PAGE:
It's a political drama. Set in New York in 1864, it's about the post-Civil War social and political climate in America. White people who are pissed about Lincoln's Emancipation Proclamation. Black people trying to make lives for themselves after slavery. Rich people looking to increase their power by owning all of Manhattan. Angry, bitter Confederate sympathizers who want to burn it all to the ground.
It's a police procedural. CSI: Five Points. A crime is committed and Detective Kevin Corcoran works with his partners Francis and Andrew to gather clues and evidence. Corcoran's friend Dr. Matthew Freeman, a black man who fought alongside Corcoran in the war, acts as medical examiner and forensic scientist. Cases get solved.
It's a psychological thriller. It isn't what the people on this show have done (though what they have done is straight-up traumatizing), it's what they might do. You don't see the horrible shit coming until it is happening right in front of you and you're powerless to look away. And when I tell you that one of the characters on this show is the scariest person on television by a country mile, that is not hyperbole. There is a scene where someone sits up in bed - that's it, just sits up in bed - that will make your blood run cold.
It's a love story. What drives Corcoran is love. The love he has for his daughter drives him to find her killer. The love he has for his wife drives him to track her down. The love he has for Annie drives him to keep her safe. The love Corcoran, Freeman and Morehouse have for each other is the purest, sweetest, most bromantic love in the land. Ok, that's all pretty accurate but really the love story is between me and all of the characters who are my TV boyfriends/girlfriends. Which character I love most depends entirely on which character is on the screen at that moment.
The quick and easy synopsis of the show is this: Detective Kevin Corcoran comes home from 4 years in the Civil War to New York's Five Points neighborhood to find that his daughter has been killed and his wife has disappeared. That's the set-up of the show. That's where it starts and before the first season ends at least a thousand awful, unbelievable, unnerving, and engrossing things have happened and watching it all unfold is one hell of a ride.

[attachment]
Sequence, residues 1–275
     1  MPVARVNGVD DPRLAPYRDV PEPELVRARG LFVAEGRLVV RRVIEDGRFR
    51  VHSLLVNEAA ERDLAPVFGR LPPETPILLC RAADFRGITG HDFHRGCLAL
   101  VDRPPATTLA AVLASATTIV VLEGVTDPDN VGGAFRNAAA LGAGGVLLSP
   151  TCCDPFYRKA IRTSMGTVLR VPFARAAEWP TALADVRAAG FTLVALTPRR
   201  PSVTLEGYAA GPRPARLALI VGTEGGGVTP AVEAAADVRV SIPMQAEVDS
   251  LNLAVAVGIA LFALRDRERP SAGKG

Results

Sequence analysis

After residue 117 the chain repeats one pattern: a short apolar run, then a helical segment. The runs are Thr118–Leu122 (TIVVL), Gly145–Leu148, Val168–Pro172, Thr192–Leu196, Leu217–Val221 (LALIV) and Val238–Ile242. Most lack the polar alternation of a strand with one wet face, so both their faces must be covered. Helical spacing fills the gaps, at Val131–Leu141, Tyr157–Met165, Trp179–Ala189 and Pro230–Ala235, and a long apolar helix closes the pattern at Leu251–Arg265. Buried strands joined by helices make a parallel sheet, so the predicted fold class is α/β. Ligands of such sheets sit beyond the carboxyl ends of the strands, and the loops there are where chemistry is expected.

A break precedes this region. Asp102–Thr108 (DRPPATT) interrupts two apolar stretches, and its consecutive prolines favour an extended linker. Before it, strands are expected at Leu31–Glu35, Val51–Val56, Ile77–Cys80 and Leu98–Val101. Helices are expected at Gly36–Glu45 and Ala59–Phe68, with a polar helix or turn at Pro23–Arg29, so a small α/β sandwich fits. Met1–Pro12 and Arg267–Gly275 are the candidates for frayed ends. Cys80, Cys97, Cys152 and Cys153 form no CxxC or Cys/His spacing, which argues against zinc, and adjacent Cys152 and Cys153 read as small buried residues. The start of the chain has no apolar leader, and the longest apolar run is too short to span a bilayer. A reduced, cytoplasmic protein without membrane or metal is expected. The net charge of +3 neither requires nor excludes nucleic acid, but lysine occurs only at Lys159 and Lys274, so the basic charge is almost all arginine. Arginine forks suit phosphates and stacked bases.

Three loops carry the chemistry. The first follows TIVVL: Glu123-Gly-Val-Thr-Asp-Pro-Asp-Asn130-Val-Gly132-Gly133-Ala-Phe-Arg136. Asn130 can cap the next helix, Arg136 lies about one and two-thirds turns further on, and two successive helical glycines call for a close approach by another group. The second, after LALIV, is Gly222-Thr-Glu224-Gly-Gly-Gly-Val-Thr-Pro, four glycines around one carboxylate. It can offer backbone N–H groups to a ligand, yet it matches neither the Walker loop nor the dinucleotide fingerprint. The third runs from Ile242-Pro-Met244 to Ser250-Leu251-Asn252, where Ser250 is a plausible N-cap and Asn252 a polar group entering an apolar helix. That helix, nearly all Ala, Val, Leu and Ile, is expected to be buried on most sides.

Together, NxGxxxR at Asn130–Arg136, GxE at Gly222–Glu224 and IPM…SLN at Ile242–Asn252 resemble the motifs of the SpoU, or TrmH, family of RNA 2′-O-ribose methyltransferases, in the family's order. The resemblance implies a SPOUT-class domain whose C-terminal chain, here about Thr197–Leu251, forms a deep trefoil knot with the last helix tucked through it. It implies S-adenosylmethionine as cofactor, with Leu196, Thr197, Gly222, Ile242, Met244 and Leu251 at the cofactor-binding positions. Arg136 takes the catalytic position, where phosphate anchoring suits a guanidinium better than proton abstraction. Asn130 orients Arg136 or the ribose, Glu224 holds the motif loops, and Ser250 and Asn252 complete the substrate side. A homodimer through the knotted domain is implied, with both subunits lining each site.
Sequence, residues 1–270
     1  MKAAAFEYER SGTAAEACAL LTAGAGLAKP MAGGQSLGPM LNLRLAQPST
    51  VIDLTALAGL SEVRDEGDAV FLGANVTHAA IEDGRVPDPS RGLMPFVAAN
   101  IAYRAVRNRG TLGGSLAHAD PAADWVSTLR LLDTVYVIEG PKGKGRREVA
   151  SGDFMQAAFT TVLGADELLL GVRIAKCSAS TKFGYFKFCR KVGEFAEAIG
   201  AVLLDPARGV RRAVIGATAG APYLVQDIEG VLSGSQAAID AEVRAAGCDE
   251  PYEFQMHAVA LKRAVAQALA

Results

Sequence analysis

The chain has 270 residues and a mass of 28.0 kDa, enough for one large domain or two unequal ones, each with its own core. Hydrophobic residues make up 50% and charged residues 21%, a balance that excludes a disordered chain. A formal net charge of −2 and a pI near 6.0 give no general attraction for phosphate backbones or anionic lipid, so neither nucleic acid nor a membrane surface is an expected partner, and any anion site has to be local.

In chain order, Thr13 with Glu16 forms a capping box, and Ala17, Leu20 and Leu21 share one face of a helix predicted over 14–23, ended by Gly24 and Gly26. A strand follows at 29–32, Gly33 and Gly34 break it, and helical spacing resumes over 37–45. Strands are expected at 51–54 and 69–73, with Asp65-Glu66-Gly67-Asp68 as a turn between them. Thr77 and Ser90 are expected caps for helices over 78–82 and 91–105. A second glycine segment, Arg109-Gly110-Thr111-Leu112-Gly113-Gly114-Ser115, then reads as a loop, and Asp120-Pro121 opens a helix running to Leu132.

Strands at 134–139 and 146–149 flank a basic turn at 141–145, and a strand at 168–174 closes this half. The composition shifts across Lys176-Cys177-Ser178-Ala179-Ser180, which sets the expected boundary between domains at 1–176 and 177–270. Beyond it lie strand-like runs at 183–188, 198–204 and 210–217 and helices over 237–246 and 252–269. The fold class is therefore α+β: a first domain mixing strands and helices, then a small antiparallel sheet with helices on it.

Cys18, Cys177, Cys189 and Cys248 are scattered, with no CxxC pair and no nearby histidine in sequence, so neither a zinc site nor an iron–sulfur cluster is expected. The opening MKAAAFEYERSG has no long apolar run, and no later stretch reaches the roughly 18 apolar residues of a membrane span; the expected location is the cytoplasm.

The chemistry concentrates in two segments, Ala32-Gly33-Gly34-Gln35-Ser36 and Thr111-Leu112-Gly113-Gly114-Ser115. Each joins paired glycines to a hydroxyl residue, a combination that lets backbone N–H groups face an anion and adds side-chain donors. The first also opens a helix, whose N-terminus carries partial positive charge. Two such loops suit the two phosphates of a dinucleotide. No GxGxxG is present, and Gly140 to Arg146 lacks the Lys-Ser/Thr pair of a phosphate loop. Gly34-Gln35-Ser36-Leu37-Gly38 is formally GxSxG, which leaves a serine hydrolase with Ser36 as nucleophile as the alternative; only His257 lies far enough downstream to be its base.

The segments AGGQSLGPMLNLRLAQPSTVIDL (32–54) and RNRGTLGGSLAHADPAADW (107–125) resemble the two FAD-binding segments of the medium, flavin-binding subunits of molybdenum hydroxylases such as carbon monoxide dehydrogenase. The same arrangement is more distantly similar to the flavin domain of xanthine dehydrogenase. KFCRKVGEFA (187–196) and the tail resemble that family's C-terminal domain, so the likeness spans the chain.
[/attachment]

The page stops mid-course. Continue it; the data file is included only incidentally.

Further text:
You should all watch Copper because it's interesting, well-acted, and well-written. Because it will keep you guessing and disturb you in big ways, small ways, good ways, and bad ways. Because I want to talk to everyone about how damaged Corcoran is; how incredibly engaging I find Morehouse's particular brand of not-evil evil genius; what a great, strong character Eva is; the nightmares I'll be having about Annie for the rest of my life; everything about Dr. Freeman. Because I need more people to understand why I've been shaking my head and muttering "oh, Francis" for two days. Because I have so many feelings about the show that I was inspired to write a blog post for the first time in six months. Because it's really very good and I think you'll like it.
November 9, 2012
There were two reasons I stopped recapping The Vampire Diaries last season - the first is that I got a lot busier at work which made me less anxious to spend my free time trying to be witty. Being witty is exhausting. The second is that I wasn't enjoying the show enough to spend several hours rewatching and dissecting it. There were still episodes I outright loved last year but on the whole I found the third season by turns boring and irritating.
I loved the shit out of the way it ended though and I was looking forward to how a vamped Elena would spice things up and inject some much-needed badassery into the snoozy proceedings. The fourth season got off to a pretty good start and when everyone - literally EVERYONE - got a chance to be a badass in "Memorial" I thought the show had really gotten back to what made me love it in the first place.
But then things took a turn for the...well, whatever the opposite of badass is. Vamped Elena isn't fun and the continued fight over which Salvatore brother loves her more and is better at being her knight in shining armour is not interesting.
It isn't interesting when one character is all, "I got this" while eveyrone else on the show has to sit around like helpless, ignorant, baddy-fodder with their thumbs up their asses. Or when Damon and Stefan threaten to kill each other over a girl. Or when Stefan and Damon treat Elena like a helpless kitten they must protect. It really isn't interesting when Elena whines.
You know what would be interesting? If TVD were never about how Elena needed to be saved, rescued, protected, looked after, tended to or otherwise treated as a damsel in distress. If every single person on the show didn't prioritize what's best for Elena above literally everything else. If it weren't always about which Salvatore knows better what's best for her.